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Former Trailer Park Boys' movie, website tear the taste envelope wide open

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It's a digital-age version of the timeless chicken-or-egg question:

Which came first, the fictional movie about the development of the real-life website, or the real-life website that's developed into the fictional movie?

Ask Robb Wells, John Paul Tremblay and Mike Smith -- better known to millions of profanity-inclined Canadians as Trailer Park Boys' Ricky, Julian and Bubbles -- to explain the timeline leading up to their latest big-screen effort, SwearNet, and the answer is anything but definitive.

"They both kind of happened simultaneously," Smith explains in a recent telephone interview from Toronto. "We wanted to start our own uncensored outlet on the Internet, where we could just make whatever we want to. And simultaneous to that came the idea of making a movie about (launching a website), so technically, I guess the movie came first, before the actual SwearNet was up and running, but we knew the whole time we were making the movie that we were going to get SwearNet going."

The movie was actually shot a couple of years ago, but its release was delayed by the appearance in theatres last spring of the third TPB feature, Trailer Park Boys: Don't Legalize It ("I don't think they wanted two movies of ours to come out at the same time," says Smith).

SwearNet, which opens locally today, is something of a departure for the TPB trio in that it's the first big-screen project in which they play fictional versions of themselves, rather than Sunnyvale's penitentiary-prone pals, Ricky, Julian and Bubbles.

The film follows these scripted renderings of Wells, Tremblay and Smith as they try to reset their career trajectory after having left Trailer Park behind. And what they find -- in a fictional scene that Wells says closely mirrors an actual meeting they had with their former broadcaster -- is that Canadian TV, in its current corporately integrated, merger-mega-sized, risky-show-averse form, no longer has an appetite for the boundary-pushing brand of comedy that they're interested in doing.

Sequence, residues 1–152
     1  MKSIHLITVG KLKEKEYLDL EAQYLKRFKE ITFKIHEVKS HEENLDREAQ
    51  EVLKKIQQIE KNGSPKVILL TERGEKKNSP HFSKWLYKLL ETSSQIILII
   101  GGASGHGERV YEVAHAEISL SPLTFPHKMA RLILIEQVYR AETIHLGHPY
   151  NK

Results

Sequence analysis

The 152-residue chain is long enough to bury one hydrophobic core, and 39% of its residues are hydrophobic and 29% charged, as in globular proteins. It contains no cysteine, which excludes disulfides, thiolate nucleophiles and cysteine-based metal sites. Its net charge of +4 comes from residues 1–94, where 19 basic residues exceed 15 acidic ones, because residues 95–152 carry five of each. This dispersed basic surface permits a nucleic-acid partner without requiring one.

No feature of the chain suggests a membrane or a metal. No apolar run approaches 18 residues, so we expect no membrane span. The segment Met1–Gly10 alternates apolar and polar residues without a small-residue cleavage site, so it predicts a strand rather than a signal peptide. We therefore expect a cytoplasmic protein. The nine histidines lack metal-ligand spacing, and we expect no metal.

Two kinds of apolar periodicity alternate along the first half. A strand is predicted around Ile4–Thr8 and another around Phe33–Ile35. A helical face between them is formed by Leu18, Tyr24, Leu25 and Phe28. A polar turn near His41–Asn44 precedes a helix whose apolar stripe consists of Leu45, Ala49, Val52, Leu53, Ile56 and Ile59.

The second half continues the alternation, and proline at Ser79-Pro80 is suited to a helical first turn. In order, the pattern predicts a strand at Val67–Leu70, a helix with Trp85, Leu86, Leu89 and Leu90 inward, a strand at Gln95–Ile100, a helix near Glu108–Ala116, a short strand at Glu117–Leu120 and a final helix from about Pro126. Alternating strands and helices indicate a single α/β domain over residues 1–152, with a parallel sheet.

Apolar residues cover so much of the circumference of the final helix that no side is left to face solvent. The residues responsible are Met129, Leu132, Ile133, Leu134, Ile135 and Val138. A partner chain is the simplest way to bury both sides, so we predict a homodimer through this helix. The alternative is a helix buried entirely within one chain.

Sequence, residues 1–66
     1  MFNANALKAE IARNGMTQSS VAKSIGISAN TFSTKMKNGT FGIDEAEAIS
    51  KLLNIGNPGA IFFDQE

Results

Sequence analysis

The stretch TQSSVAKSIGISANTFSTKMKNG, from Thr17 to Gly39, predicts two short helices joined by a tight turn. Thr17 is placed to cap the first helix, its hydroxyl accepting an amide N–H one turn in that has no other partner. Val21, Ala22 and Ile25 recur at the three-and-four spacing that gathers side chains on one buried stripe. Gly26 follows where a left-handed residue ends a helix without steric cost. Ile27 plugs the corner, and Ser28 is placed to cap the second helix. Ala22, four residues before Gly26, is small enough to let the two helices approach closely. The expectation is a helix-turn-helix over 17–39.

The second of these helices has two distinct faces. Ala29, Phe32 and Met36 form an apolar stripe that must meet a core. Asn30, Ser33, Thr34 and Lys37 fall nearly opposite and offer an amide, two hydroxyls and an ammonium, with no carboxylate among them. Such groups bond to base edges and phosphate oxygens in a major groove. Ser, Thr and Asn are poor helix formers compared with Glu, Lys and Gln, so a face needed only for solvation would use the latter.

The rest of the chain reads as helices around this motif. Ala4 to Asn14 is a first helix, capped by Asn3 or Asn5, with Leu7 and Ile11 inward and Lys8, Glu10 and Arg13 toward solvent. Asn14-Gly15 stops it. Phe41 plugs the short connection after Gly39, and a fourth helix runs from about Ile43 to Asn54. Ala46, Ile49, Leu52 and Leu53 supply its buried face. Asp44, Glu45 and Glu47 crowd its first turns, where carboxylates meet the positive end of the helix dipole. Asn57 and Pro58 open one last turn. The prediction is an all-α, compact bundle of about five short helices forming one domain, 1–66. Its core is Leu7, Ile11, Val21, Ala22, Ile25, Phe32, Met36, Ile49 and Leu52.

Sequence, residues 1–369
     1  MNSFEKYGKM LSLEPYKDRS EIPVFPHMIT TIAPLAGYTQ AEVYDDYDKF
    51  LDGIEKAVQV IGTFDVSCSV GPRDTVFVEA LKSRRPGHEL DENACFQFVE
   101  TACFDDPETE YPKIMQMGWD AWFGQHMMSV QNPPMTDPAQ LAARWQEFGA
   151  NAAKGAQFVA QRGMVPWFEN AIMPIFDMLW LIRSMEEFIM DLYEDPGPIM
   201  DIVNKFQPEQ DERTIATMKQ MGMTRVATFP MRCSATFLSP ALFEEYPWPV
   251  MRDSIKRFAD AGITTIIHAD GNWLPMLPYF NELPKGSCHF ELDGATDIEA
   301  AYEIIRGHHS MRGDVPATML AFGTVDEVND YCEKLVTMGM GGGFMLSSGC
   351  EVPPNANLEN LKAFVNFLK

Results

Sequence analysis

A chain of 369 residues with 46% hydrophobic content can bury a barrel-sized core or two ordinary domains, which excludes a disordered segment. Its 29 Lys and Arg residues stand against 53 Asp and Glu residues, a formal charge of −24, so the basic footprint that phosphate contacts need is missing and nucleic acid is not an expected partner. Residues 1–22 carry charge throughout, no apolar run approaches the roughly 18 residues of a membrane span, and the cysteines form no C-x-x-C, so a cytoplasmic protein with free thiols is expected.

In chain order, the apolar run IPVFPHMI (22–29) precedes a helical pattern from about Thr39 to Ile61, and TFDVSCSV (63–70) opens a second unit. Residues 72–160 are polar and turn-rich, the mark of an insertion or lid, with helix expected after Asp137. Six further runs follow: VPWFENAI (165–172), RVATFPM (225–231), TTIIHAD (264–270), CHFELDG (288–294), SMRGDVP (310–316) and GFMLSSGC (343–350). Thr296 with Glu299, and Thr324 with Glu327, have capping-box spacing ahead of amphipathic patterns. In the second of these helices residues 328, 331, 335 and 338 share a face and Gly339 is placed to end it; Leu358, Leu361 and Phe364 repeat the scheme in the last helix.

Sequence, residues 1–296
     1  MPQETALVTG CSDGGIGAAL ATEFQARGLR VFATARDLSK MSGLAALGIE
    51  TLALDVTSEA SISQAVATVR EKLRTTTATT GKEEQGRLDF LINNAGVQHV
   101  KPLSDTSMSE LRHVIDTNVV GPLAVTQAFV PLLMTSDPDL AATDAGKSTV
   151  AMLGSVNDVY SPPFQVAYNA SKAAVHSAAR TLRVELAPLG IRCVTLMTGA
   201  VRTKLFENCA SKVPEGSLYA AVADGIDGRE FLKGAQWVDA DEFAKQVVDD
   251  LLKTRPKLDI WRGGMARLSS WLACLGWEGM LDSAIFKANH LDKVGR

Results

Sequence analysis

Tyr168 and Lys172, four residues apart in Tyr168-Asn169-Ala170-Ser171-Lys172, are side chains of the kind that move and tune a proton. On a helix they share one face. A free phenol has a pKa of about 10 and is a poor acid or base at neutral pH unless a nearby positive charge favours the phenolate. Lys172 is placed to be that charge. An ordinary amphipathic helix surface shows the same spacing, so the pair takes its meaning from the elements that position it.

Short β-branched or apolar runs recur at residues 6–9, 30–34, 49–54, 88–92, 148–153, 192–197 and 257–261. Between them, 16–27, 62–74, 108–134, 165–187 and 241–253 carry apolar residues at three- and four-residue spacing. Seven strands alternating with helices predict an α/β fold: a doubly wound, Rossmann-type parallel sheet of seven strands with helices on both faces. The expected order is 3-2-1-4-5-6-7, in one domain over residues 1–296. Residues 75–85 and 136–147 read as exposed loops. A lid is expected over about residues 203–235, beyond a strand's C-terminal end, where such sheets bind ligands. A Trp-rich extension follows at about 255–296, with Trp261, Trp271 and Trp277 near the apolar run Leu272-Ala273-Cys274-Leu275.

"Some of it was definitely based on what we were dealing with in our real lives," says Wells. "We were no longer able to do Trailer Park Boys, and every time we were out pitching other show ideas we had, networks just didn't seem to be into them as much. They all wanted us to tone down the language and content, and we felt very restricted. We felt this (website) was a way to do something the way we want to do it, and that's what the script originated from."

Only slightly daunted by this latest rejection, the (fictionalized) boys decide on another approach to achieving their post-TPB ambitions. Motivated by Smith's observation that their huge, social-media-savvy fan base would likely follow them onto any new media platform they choose to explore, the trio sets out to launch SwearNet.com, a subscription-based website that will allow them to create and distribute content without the hassle of network execs' concerns about graphic language and other behaviour that challenges the boundaries of taste.

In real life, the trio shot this movie and launched the actual SwearNet at a time when it seemed their Trailer Park days were behind them. Since then, however, Tremblay, Wells and Smith have secured the rights to TPB franchise from the show's original producers -- Barrie Dunn, Mike Volpe and longtime director Mike Clattenburg -- and have shot an eighth season of the series, which will be released on Netflix on Sept. 5.

Before fans get re-introduced to Ricky, Julian and Bubbles, however, they'll have to wrap their heads around the versions of Wells, Tremblay and Bubbles presented in SwearNet. In the TV series, tough guy Julian and dumb guy Ricky drive the show's mischief, while bug-eyed man-child Bubbles provides the heart.

In this new feature, it's Wells and Tremblay who keep the story grounded while Smith -- in what his cohorts describe as only a semi-fictional turn -- is the constantly crazed party animal whose misdeeds put their sputtering careers at risk.

"The Mike Smith in the movie is a complete disaster, a train wreck of a party machine," Wells says with a laugh. "In real life, it isn't quite that bad, but at times it sort of is."

Adds Tremblay: "Mike is basically a nightmare in real life, so we just thought we'd work with that."

Clearly, with the movie as well as with the website, the TPB trio has decided they're going to do things their own way from here on in. No boundaries on language, no boundaries on violence or sexual innuendo. No boundaries at all, other than one to exclude the input of those TV-industry types who used to tell them to tone things down.

"We just try to write things that make us laugh," says Tremblay. "That's the No. 1 thing in our writing -- if we sit around and laugh at an idea, it's definitely going to make it into the movie."

brad.oswald@freepress.mb.ca

Twitter: @BradOswald

Republished from the Winnipeg Free Press print edition August 29, 2014 D1

History

Updated on Friday, August 29, 2014 at 6:47 AM CDT: Changes headline, replaces photo

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